A man seeking aid for chest pain and shortness of breath was initially turned away and then later offered delayed care. Unfortunately, this person later died while waiting on medical treatment. His widow alleges that the veteran's hospital is guilty of medical negligence and has brought a lawsuit. Sadly, this issue can occur in any state, so veterans in Rhode Island may be able to learn something from this case. 

After experiencing the symptoms of chest pain and shortness of breath, commonly recognized as symptoms of a serious heart condition, the man attempted to schedule an appointment with a VA doctor. The VA told him to contact urgent care. The next day, he reported to the VA and was diagnosed with aortic stenosis. He was scheduled for surgery, but it would be delayed over one week. 

Medication error leads to serious syndrome for woman

One woman is suffering the effects of taking the wrong dose of medicine. As a result of a high dose of the drug lamotrigine, she developed Stevens Johnson syndrome and suffered severe skin problems as a result. The woman is currently in litigation for the medication error, and individuals in Rhode Island who have been diagnosed with Stevens Johnson may be able to learn something from the woman's case. 

Initially, the woman's physician ordered the incorrect dosage of the medicine. Her lawsuit alleges that the pharmacist should have caught the error but did not, and she was given a 100mg dose of the drug. After two weeks of taking the pill, she developed the signs of Stevens Johnson syndrome. 

Complications in the delivery process a problem in the U.S.

Expectant mothers are experiencing problems during childbirth for a number of reasons. The Centers for Disease Control report that more than 135 expectant and new mothers every day are experiencing complications in the delivery process. Some of the problems can be attributed to maternal health factors, but for others, a delay and denial of common symptoms of complications by medical staff become an issue. Mothers in Rhode Island who have experienced similar issues may be interested in some of the data surrounding the trend.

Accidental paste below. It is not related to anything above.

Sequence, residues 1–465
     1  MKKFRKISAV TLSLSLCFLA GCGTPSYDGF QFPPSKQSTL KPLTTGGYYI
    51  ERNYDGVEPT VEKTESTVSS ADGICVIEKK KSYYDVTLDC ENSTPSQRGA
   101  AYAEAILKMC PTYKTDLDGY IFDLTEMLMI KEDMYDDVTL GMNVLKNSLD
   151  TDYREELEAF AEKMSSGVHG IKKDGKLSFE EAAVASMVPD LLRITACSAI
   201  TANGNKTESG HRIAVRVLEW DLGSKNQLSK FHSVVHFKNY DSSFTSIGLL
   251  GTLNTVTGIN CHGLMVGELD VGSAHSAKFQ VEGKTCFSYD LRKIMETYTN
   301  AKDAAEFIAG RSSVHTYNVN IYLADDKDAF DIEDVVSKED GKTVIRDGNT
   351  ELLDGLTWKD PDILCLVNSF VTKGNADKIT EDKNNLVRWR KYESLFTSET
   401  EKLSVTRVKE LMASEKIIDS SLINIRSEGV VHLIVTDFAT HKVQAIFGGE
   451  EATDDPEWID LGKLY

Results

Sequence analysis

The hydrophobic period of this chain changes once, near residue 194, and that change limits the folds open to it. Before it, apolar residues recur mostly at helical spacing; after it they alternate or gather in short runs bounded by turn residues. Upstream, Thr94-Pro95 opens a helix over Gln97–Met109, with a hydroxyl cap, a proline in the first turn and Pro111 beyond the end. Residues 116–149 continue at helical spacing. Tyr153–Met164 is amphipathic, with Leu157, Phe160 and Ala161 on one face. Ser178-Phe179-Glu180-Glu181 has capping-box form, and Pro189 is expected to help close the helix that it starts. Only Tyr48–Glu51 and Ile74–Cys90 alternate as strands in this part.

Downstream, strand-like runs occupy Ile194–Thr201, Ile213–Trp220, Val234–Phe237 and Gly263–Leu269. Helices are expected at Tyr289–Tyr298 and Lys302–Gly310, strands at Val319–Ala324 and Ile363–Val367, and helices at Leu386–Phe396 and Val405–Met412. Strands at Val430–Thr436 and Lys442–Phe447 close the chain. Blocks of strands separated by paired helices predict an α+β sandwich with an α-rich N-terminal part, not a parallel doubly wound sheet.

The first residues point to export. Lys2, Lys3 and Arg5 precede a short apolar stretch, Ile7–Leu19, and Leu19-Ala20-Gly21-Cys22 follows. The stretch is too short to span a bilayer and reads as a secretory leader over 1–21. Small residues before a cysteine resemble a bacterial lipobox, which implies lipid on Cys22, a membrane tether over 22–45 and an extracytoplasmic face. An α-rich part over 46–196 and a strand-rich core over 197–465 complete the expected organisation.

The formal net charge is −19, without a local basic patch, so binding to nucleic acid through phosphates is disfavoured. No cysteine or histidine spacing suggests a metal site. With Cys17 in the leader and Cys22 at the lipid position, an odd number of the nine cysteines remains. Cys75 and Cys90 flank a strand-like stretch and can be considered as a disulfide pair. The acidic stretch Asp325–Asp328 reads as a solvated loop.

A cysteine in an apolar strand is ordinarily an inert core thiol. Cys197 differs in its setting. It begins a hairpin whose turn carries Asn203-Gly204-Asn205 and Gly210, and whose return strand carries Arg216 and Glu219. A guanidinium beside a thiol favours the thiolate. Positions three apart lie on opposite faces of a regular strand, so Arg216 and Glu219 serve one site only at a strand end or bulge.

The United States has the highest rate of maternal death in the industrialized world, which ranges from 700 to 900 women annually. Also troubling are the cases of maternal morbidity, which are serious medical events that occur during or following the birth of a child. The problems include hemorrhages, organ failure, HELLP syndrome, preeclampsia or other disorders that affect the health of the mother. 

Surgical error associated with durotomy may be malpractice

An incision in the membrane surrounding the spinal cord could lead to problems for patients. Durotomy, as the incision is known, could arise from a surgical error and may result in cerebral spinal fluid leakage if not quickly resolved. Rhode Island residents may be interested to learn more about the study of 48 durotomy cases performed by researchers, which gives more details about the problem and the malpractice cases that followed.

Researchers reviewed the three largest legal databases and identified the 48 cases related to durotomy issues. They found that a delayed diagnosis of durotomy and improper durotomy repair led to an increased risk of litigation and surgeon liability. In 56.3 percent of the cases, the court ruled in favor of the defendant surgeon, but patients received settlements in the remaining number of cases. 

Delayed post-surgical care results in large award for woman

A several hour delay was determined to be the cause of one woman's paralysis. The individual was seen at a hospital for a routine surgery, and later difficulty swallowing caused her to return to the hospital for post\-surgical care. Unfortunately, the care did not come soon enough and the woman was left severely disabled. Individuals in Rhode Island may take note of the woman's problems should they ever face a similar issue in the future. 

After a routine neck surgery, the woman returned to the hospital the next day, saying that she was having trouble swallowing. She was seen by a physician and sent home without treatment. The following day, she returned with even more difficulty swallowing, and this time with pain and swelling. She waited six hours before receiving treatment, although hospital protocols call for a patient to be seen within two hours in a case such as hers. 

Email Us For A Response

Contact The Firm

Bold labels are required.

Contact Information

The use of the Internet or this form for communication with the firm or any individual member of the firm does not establish an attorney-client relationship. Confidential or time-sensitive information should not be sent through this form.


Privacy Policy

Providence Personal Injury Office

199 North Main Street
Providence, RI 02903

Toll Free: 888-876-9415
Phone: 401-354-7233
Fax: 401-453-1501
Providence Law Office Map